The IDF demonstrated its deterioration during a routine dispersal of human rights activists – while its troops announced a strange policy

April 2011, the entrance to Beit Umar, a small Palestinian village, surrounded by settlements and IDF bases. Unfortunately, the residents of this village – unlike a more famous Gallic village in a similar situation – lack access to a magic potion which makes them invulnerable. So they have to settle for a cheap alternative: Israeli human rights activists, who, as members of the Chosen People, are somewhat less vulnerable than they are.

As it turned out, not on that particular Friday morning. A large number of soldiers from the Kfir Brigade – the IDF brigade dedicated to occupation tasks – moved towards the activists, who according to testimonies were standing peacefully, waving signs and shouting slogans, and within a short while dispersed them using unusual violence – unusual towards Israelis, that it. Palestinians routinely suffer from more violence.

The mess began when an activist demanded the officer present will show him the Closed Military Zone Order, which according to the officer forbade their presence. Here the testimonies diverge: Some of them claimed the officer repeatedly refused to show him the order, others that he showed him the wrong one, which did not refer to the place where they were.

This, it should be noted, is an empty ritual. The IDF can issue such orders pretty much as it pleases, and all the officer had to do was to rewrite the order. A Closed Military Zone Order (CMZO) is one of the cheapest legal fictions used by the IDF, an attempt to make a move which is essentially snarling “get the hell away from me, you’re annoying me” look somewhat more respectable, make you think something resembling a court was actually involved. As such, the CMZO is the bastard child of the infamous English Riot Act, which allowed the forces of His Majesty to inform the people they were facing they were about to use massive force and extreme violence against them if they didn’t make themselves scarce pronto. This shouldn’t surprise you: Some of the “laws” in the occupied territories rely on the British Emergency Acts of 1945, a set of laws which would be described by Menachem Begin in the 1950s as worse than the Nazi legislation.

Be that as it may, the officer lost it when he was informed publicly that he did not make the minimal effort in his legal fiction, and from here things deteriorated quickly. The soldiers threw a stun grenade at the demonstrators, and then started beating, kicking, and throwing them around. Some of the activists would later complain about particularly painful handcuffing – which is a form of ill treatment – and two of them, driven to the Hebron police station had their eyes covered, Goddess knows why. I guess that’s the routine the soldiers are used to.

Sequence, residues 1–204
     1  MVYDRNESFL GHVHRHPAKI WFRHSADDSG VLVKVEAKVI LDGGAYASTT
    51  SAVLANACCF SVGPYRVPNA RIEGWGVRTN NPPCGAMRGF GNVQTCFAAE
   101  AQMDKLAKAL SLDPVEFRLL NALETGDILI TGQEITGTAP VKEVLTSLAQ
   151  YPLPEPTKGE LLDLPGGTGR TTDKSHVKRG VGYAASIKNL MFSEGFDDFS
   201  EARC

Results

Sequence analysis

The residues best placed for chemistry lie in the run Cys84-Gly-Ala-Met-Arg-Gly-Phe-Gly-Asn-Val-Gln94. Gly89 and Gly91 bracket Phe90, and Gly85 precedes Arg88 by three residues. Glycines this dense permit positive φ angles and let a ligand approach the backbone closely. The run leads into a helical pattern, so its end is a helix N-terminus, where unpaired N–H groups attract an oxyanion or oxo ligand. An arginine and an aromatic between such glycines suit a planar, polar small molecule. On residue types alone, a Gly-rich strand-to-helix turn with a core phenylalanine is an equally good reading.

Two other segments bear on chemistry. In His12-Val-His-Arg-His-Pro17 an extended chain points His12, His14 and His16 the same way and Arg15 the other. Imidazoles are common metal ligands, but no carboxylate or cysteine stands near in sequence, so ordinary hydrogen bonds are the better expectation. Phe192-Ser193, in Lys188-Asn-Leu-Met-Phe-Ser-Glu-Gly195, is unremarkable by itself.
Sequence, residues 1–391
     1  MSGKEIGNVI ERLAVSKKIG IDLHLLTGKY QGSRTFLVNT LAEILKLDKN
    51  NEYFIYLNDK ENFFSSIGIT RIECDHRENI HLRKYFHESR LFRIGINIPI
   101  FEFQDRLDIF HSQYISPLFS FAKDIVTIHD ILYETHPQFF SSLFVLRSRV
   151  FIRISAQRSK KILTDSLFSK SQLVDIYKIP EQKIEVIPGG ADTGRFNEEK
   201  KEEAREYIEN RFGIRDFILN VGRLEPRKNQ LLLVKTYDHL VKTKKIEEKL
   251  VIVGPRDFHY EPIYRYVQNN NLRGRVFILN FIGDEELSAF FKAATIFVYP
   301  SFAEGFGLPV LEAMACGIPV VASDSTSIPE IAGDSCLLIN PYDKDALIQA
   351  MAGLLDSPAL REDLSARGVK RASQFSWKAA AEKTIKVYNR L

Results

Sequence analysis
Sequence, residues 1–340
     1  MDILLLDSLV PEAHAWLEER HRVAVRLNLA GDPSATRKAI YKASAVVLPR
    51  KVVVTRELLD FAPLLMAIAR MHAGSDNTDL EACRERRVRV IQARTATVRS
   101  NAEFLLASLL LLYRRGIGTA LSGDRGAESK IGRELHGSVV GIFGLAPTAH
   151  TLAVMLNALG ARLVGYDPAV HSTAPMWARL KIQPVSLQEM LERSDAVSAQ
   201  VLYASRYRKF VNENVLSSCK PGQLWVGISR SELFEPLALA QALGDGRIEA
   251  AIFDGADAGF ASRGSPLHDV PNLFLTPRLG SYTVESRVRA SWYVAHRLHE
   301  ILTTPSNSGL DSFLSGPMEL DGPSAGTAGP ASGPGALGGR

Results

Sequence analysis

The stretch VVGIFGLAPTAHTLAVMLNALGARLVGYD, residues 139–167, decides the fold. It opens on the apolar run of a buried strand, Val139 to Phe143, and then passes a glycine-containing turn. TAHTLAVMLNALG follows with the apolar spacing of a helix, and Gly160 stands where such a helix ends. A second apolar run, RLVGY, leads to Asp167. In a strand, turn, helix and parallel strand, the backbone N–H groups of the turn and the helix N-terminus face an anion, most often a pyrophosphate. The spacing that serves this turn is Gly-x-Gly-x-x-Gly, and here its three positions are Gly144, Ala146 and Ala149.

But what the soldiers said was no less interesting than what they did. One of them told a demonstrator, as he handcuffed him, that he would rape his sister and mother if he could. A lieutenant expressed a strong desire to shoot the activists, and two of them heard a soldier – one of them identified him as a lieutenant colonel, a battalion commander – saying “the Palestinians will pay tonight for what you are doing here now.”

So, the Kfir soldiers are using a policy of “Price Tag”: Activities of human rights activists will be punished by harming the Palestinians. And this, again, came from a Kfir battalion commander. Now, anyone who saw our video about the schticks of the IDF in Urif wouldn’t be surprised in the least; the IDF has been at it for a while now.

The question is this: When will the IDF realize there is nothing more dangerous to what’s left of its legitimacy than the existence of the Kfir Brigade, and when will it be disbanded, to be replaced by a force of disciplined, professional soldiers, under unitary command. The history of Kfir presents it as the one of the most troublesome of the IDF outfits, as far as professionalism and discipline is concerned.
The incident itself ended with the officer perjuring himself and claiming to the police he was attacked by the activists. Unfortunately for him, the activists showed the police investigator a video showing what actually took place, and they were released. Last time I heard, a lie on the part of an officer was grounds for dishonorable dismissal, but that was in the old army, the one which prided itself on reporting the truth. It’s just that an occupation demands, by its very nature, that soldiers act brutishly; and such acts cannot be candidly reported to superiors.

We were recently told by the MPCID that the case was closed, after a disciplinary hearing. Apparently, assault and perjury are no longer grounds for a criminal trial in the IDF nowadays. – See more at: